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  • Beatrice Bligh and Australian Gardening Books

    29 July 2011 -

    As winter in southern Australia descends into the serious chill of sub zero temperatures it also rises before the eyes in a blaze of golden heath and bushland.

    Yes, we’re moving into the transitional joys of August and our unofficial ‘wattle spring’.

    Time then to focus on colour and form in the landscape, and specifically, on Australian gardening books.

    Despite her genteel associations Beatrice Bligh was the type of gardener anyone can relate to. Daughter of a grazier from Bungendore in NSW Beatrice married into the Pejar Park property near Goulburn which became her passion. Since the tragic influenza epidemics of the nineteenth century, which almost entirely wiped out the indigenous bands of the Goulburn area, the local landscape had come under unchecked European-style cultivation, but when Beatrice first arrived as a newly wed, the garden at Pejar Park consisted only of a bluestone cottage, some pine trees, and a few flowering shrubs. The memory of Beatrice's own grandfather's wild garden at Manar near Braidwood loomed, and, inspired by the challenge of recreating romantic memories in the inscrutable clay-soiled landscape, she set to work.

    Bligh was both assiduous and intrepid by nature and had a gift for resourcefulness when it came to sourcing plants. A mother of four, there are stories of her carrying quince seedlings home on the pommel of her saddle as she scoured the NSW southern highlands with a sharp eye for not only what she needed but also what she wished for. At Pejar Park she was dealing with poor soil types and also the usual extremes of the Australian season-cycle, yet after years of concentration, imagination, heavy spadework, and ruthless determination, her garden won first prize in the rather horses-and-hounds-ish Sydney Morning Herald gardening award in 1965, confirming Pejar Park as the ‘champion homestead garden of New South Wales’.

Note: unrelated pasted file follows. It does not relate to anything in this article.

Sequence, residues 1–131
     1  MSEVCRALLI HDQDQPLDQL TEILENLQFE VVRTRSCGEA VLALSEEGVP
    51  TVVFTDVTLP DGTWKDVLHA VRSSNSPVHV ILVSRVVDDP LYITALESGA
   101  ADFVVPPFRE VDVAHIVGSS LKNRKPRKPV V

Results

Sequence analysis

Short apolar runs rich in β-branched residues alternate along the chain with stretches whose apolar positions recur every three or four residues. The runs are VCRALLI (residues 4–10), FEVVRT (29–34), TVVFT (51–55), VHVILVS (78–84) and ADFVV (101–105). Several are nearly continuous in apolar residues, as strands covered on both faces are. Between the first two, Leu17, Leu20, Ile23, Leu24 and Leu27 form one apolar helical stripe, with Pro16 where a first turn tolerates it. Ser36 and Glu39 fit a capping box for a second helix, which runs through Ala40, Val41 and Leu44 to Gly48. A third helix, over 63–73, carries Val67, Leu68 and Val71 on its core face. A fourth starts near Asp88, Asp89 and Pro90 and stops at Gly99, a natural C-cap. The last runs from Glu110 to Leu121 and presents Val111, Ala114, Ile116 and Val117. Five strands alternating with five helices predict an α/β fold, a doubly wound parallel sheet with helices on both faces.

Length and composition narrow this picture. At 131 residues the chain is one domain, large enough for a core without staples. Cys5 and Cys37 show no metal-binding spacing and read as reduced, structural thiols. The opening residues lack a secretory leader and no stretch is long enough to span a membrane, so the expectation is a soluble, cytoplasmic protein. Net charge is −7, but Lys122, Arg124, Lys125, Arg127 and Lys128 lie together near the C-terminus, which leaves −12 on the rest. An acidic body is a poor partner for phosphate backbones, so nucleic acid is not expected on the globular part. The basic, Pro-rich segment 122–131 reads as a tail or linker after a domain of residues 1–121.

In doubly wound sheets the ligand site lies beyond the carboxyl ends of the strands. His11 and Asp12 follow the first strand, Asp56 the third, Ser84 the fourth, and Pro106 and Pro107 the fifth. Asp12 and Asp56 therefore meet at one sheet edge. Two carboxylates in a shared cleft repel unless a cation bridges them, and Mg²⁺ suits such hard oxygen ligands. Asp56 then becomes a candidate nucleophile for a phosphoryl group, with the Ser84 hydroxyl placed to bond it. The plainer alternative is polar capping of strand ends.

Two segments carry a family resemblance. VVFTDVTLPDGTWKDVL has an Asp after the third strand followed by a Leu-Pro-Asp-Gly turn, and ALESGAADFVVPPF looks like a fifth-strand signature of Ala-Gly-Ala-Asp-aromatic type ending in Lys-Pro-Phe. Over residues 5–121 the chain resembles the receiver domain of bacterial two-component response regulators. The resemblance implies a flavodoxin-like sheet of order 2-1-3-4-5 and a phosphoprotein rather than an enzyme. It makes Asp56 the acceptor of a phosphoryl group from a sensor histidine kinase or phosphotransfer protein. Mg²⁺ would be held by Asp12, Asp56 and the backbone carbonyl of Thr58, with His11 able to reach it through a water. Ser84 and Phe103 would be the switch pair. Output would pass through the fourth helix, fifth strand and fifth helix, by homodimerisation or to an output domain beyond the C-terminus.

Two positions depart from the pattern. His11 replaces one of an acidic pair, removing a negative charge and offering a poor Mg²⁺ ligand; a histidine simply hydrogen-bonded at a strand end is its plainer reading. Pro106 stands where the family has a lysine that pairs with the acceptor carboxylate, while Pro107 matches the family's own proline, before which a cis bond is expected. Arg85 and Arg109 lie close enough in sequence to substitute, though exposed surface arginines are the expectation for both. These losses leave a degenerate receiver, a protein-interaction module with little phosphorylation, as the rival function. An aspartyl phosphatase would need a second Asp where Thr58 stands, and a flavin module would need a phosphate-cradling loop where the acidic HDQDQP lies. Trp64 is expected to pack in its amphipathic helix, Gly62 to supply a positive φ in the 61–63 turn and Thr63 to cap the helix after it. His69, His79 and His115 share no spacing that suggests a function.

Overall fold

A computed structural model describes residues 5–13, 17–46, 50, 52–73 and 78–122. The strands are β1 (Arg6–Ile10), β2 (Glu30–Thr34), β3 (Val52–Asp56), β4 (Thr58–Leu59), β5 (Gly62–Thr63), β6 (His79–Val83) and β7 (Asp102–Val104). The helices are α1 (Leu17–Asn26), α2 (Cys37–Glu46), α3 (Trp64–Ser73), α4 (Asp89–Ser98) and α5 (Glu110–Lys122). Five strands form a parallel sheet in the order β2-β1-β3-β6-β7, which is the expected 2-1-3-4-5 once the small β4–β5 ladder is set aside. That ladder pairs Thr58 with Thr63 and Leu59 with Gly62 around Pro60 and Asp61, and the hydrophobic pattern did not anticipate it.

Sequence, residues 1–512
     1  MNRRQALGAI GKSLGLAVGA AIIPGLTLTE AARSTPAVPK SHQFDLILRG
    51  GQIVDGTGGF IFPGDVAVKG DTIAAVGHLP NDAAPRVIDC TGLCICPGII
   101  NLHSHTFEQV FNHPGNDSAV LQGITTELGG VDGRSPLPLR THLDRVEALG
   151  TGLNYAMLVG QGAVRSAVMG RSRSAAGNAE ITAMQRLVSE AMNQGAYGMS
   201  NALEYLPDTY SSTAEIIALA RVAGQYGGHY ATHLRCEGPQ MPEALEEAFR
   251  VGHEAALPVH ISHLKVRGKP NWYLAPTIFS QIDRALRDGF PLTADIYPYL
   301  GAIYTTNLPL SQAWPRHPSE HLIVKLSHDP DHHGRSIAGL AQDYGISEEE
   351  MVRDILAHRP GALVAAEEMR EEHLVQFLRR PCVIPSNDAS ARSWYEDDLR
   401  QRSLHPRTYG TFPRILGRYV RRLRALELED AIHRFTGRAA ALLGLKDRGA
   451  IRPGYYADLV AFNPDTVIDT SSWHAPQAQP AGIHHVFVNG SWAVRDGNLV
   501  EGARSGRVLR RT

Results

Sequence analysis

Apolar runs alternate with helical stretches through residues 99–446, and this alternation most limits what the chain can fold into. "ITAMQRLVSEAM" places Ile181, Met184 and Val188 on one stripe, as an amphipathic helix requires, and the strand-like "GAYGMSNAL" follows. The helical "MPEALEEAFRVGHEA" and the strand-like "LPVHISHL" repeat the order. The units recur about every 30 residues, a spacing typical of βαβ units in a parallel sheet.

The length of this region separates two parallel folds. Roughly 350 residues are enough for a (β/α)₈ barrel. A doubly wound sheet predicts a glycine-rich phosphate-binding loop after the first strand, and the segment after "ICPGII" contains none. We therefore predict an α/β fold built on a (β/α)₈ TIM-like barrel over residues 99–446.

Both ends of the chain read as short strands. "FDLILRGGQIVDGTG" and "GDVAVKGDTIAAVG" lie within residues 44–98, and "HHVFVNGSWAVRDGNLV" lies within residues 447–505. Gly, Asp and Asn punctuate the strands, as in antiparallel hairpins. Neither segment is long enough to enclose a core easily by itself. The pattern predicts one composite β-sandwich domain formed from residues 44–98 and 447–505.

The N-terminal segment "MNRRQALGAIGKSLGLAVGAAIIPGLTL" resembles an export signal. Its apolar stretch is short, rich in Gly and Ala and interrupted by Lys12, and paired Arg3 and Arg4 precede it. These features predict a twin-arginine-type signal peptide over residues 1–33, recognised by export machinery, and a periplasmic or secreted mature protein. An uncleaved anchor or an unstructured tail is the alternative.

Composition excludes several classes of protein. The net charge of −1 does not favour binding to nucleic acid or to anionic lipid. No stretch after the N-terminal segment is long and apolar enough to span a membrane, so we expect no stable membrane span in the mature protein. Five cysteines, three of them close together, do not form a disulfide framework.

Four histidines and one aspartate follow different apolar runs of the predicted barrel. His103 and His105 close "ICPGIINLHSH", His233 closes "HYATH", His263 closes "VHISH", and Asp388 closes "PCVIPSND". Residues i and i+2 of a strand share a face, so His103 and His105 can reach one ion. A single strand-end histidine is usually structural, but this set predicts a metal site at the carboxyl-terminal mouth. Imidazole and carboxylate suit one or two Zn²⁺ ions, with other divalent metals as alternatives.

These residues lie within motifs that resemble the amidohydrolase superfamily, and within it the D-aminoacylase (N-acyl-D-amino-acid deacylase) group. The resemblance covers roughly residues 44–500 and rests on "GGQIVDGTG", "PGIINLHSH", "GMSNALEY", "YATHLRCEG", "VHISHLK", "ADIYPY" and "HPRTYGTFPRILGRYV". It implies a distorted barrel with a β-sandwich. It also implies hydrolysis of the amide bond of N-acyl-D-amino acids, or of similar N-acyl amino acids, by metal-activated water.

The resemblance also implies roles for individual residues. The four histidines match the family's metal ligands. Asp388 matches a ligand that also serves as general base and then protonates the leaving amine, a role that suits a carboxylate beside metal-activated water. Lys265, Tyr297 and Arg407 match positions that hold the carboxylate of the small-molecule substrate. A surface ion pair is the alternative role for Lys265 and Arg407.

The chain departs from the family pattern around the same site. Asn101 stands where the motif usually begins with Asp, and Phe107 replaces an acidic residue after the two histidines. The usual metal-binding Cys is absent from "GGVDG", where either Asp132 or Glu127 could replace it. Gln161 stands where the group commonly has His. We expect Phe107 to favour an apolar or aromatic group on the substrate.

‘Although my gardening seems to have been an endless slow wooing of plants into giving of their best, the processes to achievement often gave more pleasure and satisfaction than the ultimate results.’ (Beatrice Bligh)

    According to Martha Rutledge’s nicely written entry in the Australian Dictionary of Biography, by the time of the 1965 award the grounds of Pejar Park were a ‘garden of surprises, its main features were shady trees, smooth, weed-free lawns, raised beds filled with hardy perennials, a long, white wall with espaliered apples and pears, a wistaria-covered pergola, a separate vegetable garden and a willow-shaded pool used to water stock on the far side.’

    This was of course before the current penchant for endemic planting and in characteristic style Beatrice purchased a suitable park-like set of wrought iron gates with her prize money. Her creation at Pejar Park went on in subsequent years to take out second, third and fourth prizes in the SMH award. This was noted by the judges as quite an achievement for a garden without a paid full time gardener.

    ‘I believe in green fingers, or thumbs perhaps, but mine do not seem to have ever changed from a grubby brown.’ (Beatrice Bligh)

    In the wake of this recognition in New South Wales, and after much encouragement from friends such as the art patron and National Trust doyen Dame Helen Blaxland (who incidentally is reported as having difficulty pronouncing the letter 'r': when asked about seeking grassroots members for the National Trust beyond the Eastern Suburbs and North Shore of Sydney, she replied, 'the only use I can think of for gwasswoots is for twamplin' on'), Beatrice Bligh wrote ‘Down To Earth’, (Angus & Robertson 1968), now an Australian gardening classic. 

    The book is prefaced with a poem from another Dame, Mary Gilmore, about ‘Pejar Creek’: